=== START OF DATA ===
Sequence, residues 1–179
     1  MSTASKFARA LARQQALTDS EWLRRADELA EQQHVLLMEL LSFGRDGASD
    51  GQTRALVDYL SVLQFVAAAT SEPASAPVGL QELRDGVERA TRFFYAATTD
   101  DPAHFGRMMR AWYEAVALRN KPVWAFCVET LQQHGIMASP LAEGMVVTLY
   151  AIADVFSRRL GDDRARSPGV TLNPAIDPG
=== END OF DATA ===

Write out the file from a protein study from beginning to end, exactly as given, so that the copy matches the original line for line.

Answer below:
Sequence, residues 1–179
     1  MSTASKFARA LARQQALTDS EWLRRADELA EQQHVLLMEL LSFGRDGASD
    51  GQTRALVDYL SVLQFVAAAT SEPASAPVGL QELRDGVERA TRFFYAATTD
   101  DPAHFGRMMR AWYEAVALRN KPVWAFCVET LQQHGIMASP LAEGMVVTLY
   151  AIADVFSRRL GDDRARSPGV TLNPAIDPG